Rhythm in a much broader sense than simply that of timed music. Rhythm echoes in the sense that Derrick May pronounces “Rhythim Is Rhythim”11 and that Deleuze and Guattari say that “Rhythm is the milieus’ answer to chaos,” and that “what chaos and rhythm have in common is the in-


between — between two milieus, rhythmchaos or the chaosmos”.12 This is in stark contrast to an “avant-garde” — and here we mean not an artistic elite, or even a truly groundbreaking crew of headz, but the power structures that materially define the term today — which still pronounce rhythm as a simple music structure that seduces the listener from a “higher appreciation” of non-rhythmic sound to the dark and questionable world of danceinfused listening events... We have much to owe to rhythm. We are in debt to what is a pragmatic and joyful — yet “political” — deconstruction of the sitting, listening, audience (ensconced in their chairs, the “proper” place of music appreciation). Spin the refrain: the force of John Cage’s hearing lesson has not yet scratched the record of history — nor the funding structures that support Canadian artists.
tobias c. van Veen is a sound & net.artist, techno-turntablist, and writer, and is author of the _2003 Canadian Electronic Music Directory_. He has been enmeshed with musikal resistance cultures (i.e., raising shit) since 1993.

Above:The creed of Underground Resistance, Detroit. <http://www.undergroundresistance.com/creed.html>


Opposite Page: Underground Resistance, Detroit. <http://www.undergroundresistance.com>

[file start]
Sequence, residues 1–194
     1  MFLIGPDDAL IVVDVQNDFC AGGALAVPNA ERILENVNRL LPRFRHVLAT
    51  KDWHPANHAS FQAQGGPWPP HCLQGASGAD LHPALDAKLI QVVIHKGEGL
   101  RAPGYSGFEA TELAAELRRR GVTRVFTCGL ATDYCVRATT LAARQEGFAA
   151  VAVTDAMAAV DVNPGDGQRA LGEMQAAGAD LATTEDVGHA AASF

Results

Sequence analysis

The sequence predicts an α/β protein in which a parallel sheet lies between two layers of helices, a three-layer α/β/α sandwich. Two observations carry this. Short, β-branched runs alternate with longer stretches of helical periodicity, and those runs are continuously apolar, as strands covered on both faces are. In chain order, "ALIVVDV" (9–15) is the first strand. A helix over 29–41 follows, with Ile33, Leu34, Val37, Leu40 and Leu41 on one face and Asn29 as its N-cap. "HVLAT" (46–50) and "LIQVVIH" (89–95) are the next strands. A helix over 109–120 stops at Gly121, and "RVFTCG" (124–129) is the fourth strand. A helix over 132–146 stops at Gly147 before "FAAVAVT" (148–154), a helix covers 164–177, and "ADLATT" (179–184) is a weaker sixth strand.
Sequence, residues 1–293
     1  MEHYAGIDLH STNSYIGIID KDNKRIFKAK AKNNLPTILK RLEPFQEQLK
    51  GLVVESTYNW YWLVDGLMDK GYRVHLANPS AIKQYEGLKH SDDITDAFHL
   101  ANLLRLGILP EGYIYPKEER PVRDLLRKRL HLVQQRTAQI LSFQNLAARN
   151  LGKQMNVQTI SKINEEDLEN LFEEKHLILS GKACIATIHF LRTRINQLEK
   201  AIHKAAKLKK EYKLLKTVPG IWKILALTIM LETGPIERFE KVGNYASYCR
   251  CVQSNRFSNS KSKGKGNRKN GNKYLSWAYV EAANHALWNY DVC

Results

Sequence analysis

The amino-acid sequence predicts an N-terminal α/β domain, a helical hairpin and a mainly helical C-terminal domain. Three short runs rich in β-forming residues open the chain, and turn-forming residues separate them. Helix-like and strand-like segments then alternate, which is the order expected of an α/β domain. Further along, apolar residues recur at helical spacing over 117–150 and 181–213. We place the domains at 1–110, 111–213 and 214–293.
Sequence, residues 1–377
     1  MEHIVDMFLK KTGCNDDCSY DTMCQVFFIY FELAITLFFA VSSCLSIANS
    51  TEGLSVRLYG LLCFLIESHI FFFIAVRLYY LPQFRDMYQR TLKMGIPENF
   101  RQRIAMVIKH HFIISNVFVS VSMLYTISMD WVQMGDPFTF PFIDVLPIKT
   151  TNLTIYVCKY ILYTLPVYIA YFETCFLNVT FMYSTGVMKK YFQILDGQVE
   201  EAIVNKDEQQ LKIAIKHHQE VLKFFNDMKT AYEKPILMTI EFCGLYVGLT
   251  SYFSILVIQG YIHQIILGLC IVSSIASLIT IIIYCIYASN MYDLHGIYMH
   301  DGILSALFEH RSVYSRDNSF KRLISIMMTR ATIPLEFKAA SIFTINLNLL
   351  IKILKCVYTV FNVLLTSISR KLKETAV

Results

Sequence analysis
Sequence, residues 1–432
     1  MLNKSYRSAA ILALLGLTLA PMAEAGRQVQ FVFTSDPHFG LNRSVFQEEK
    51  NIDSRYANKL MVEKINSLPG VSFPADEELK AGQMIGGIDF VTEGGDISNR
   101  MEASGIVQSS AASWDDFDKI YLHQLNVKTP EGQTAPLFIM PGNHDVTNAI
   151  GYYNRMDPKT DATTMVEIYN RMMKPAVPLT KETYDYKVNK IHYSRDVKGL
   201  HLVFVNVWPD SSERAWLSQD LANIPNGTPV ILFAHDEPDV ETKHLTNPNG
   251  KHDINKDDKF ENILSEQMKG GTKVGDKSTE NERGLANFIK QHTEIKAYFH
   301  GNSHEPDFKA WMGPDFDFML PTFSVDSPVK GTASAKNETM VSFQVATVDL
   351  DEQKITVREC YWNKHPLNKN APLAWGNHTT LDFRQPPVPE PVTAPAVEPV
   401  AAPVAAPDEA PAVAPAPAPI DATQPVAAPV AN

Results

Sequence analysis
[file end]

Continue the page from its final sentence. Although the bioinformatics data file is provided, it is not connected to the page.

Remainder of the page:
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1 “Glen Gould Interviews Glen Gould About Glen Gould.” http://www.gould.nlc-bnc.ca/docs/ehf.htm 2 Medium Is the Message. CD. http://www.webcorp.com/sounds/mcquote.htm 3 “The Future of Music: Credo.” Silence: Lectures and Writings by John Cage. Hanover: Weslayan UP, 1973. p. 5. 4 This quote has been provided to the producer by Christine McLean. 5 “Communities and Scenes in Popular Music.” In The Subcultures Reader. Eds. Ken Gelder and Sarah Thornton. London: Routledge, 1997. p. 500, 502. 6 Email to the remixer, 6.9.03. 7 Tiga’s most well-known hit, the Sunglasses EP on International Deejay Gigolos, samples (Canadian) Cory Hart’s classic, “Sunglasses at Night,” to a revivalist, retro-electro beat. It went Top 40 in most of Europe, although this has more to do with interpenetration in the pop/underground music divide in the EU that is nonetheless sustained by commercialised and corporate rap, R’n’B and rock hegemony in North America. 8 David Turgeon, one of the owners of experimental label No Type, posted to the microsound.org email list the following observation (6/7/03): “What i do know is that ‘music with beat’ is just as eligible as anything else to a CCA grant, but it has to make sense as some sort of avant-garde or contemporary composition. David Kristian’s Room Rone (which is pretty 4/4 at times, if very murkily so), for example, has been awarded a CCA grant. I understand that they will more likely give a grant to a more typically ‘non-popular’ composition (i.e. without beat & melody) which is basically a risk investment for a label. As a matter of fact, a few months ago No Type sent out three grants applications to the CCA (for future Canadian artist releases) and only one was accepted: interestingly enough, the least accessible of the three.” 9 Ibid. 10 “Redefinition of Artistic Practices in the Twenty-First Century (LSA47).” Parachute 109. p. 134. 11 May is one of the artistic pioneers of techno born from Detroit. His track “Rhythim is Rhythim” (note the spelling) is considered to be one of the classics of the “First Wave” from the mid-to-late ‘80s, fusing funk and cold drum programming in a melancholic yet strangely revelatory oasis of kicks, high-hats and synthesizer. 12 A Thousand Plateaus: Capitalism and Schizophrenia. Trans. Brian Massumi. Minneapolis: U of Minnesota P, 1987. p. 313.